• The House of Charity serves as a survival center for the homeless men on skid road.
• Regional outreach and referrals are available throughout the 13 counties of Eastern Washington through the Catholic Family Service office in Pasco and the Catholic Children and Family Service in Walla Walla. In the North Central, Whitman, Tri-County, and Big Bend areas, regional councils of parish representatives meet, assess area needs, and implement emergency responses.

A most notable accomplishment during the past year has been the completion of a 20-unit addition to the Garden Court Housing Project for the elderly and handicapped in Walla Walla. In addition, a significant pilot program in parish Social Ministry has been implemented at St. Joseph and St. Mary parishes to assist their neighbors.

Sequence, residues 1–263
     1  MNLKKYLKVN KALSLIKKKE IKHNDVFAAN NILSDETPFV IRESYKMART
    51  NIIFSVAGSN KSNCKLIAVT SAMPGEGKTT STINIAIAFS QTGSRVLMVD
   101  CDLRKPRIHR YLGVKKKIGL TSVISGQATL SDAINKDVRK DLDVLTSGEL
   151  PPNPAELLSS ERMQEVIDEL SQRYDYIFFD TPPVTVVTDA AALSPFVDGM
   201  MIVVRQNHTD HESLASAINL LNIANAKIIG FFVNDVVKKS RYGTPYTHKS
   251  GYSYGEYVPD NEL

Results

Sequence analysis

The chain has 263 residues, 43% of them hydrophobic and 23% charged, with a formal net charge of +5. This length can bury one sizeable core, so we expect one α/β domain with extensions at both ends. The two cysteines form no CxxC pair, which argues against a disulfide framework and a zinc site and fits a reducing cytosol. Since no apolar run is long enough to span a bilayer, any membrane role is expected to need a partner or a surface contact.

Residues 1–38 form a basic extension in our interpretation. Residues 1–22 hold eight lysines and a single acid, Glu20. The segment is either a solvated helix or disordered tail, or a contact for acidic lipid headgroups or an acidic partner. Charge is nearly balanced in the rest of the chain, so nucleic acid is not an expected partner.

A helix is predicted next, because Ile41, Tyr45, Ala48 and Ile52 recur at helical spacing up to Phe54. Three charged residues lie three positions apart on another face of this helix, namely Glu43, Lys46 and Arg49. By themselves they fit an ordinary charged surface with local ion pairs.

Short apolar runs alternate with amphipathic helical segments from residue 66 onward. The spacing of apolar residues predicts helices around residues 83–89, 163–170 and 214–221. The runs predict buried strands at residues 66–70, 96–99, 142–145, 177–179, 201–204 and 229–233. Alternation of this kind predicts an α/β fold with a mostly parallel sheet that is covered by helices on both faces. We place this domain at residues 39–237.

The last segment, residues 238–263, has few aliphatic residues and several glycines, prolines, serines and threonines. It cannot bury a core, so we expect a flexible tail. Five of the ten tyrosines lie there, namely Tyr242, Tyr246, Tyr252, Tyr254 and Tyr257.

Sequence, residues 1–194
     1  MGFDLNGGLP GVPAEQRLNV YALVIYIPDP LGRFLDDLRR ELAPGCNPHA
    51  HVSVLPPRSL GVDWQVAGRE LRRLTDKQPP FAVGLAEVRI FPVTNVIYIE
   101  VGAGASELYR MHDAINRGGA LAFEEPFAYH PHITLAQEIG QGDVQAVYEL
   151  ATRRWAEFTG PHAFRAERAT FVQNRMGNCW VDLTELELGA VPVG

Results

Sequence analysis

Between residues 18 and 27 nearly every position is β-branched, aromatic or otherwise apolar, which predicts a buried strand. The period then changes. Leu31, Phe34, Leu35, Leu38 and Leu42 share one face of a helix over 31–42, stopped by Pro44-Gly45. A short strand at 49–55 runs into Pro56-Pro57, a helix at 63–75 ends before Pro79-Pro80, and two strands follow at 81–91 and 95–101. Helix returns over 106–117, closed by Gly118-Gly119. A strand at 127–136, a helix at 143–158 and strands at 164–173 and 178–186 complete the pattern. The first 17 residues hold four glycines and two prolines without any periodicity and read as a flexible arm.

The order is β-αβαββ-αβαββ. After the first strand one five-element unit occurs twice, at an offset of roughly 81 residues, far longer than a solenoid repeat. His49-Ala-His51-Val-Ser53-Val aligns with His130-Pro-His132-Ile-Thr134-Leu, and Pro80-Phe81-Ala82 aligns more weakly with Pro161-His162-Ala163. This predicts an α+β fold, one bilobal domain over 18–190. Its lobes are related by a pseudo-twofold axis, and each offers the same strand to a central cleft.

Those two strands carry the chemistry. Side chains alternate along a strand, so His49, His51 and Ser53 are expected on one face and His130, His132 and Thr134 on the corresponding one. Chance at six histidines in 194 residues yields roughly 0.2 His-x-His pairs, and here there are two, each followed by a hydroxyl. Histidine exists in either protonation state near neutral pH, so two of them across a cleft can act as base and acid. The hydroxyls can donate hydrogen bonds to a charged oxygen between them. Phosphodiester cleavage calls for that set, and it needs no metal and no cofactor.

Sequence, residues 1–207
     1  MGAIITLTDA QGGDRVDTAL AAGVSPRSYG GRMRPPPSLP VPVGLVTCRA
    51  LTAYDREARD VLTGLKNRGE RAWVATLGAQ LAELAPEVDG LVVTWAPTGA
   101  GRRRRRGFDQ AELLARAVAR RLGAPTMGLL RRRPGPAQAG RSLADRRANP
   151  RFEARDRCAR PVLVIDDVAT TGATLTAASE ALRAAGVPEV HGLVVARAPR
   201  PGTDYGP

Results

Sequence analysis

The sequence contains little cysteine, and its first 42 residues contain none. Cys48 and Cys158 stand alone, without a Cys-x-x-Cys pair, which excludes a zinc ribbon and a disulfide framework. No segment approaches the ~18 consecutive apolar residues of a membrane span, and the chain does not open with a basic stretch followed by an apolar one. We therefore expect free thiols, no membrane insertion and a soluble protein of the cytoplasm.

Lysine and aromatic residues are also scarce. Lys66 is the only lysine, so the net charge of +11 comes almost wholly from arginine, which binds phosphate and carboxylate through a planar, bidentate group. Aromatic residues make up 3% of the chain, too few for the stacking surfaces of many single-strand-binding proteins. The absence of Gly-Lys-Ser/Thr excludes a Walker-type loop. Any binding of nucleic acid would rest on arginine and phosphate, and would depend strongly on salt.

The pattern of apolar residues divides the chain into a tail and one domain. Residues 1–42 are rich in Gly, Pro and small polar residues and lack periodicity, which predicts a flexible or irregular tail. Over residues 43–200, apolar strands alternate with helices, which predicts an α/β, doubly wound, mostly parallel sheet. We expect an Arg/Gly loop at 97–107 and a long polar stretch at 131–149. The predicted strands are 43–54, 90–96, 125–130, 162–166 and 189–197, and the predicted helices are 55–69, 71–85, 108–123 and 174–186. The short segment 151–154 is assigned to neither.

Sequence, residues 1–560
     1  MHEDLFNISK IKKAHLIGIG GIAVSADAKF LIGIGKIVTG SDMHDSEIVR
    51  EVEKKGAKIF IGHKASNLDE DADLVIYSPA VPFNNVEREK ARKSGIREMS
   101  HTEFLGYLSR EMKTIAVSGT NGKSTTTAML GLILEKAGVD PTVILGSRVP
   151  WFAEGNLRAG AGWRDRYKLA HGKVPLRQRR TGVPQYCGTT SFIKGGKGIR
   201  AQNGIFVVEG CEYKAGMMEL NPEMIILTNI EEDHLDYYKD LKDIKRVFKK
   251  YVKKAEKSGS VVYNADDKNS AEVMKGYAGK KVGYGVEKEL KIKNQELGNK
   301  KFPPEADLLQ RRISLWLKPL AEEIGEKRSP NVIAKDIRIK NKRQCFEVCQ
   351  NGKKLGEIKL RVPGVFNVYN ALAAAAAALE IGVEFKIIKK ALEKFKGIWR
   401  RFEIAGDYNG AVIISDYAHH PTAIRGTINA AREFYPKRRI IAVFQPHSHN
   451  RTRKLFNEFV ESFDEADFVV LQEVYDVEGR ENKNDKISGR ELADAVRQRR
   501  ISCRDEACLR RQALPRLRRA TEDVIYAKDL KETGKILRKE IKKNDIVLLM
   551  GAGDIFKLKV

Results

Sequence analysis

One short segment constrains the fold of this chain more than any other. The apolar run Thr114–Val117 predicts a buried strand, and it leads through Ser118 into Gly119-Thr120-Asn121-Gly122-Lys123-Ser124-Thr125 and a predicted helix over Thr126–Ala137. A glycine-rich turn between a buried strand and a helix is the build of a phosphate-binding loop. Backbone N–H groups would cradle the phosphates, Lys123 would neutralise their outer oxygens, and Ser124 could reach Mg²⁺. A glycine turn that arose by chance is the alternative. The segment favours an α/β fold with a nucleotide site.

Plans for 1987 call for a continuation of programs with an expansion of Parish Counseling and Social Ministry programs, continued services beyond Spokane, and assistance with the legal documentation of individuals, especially Hispanics, who are eligible for citizenship.

In his annual pastoral letter on Catholic Charities, Bishop Welsh wrote: “This year I make a special appeal to those among you who have never before donated to the Catholic Charities Christmas Appeal. Your presence at Mass today is a sign of your search for the Lord Jesus Christ. I ask you to search for the Lord in the faces of those around you who are in need. Busy as we are with work and family, it is impossible to respond to all the hurts and needs we see. It is for this reason that Catholic Charities exists.”

Those who wish to donate to the Appeal may do so through either the Christmas Mass collection or by mailing their contribution directly to Catholic Charities, P.O. Box 1453, Spokane, WA 99210-1453.

(Father Caswell is archivist for the Inland Register, and a frequent contributor to this publication.)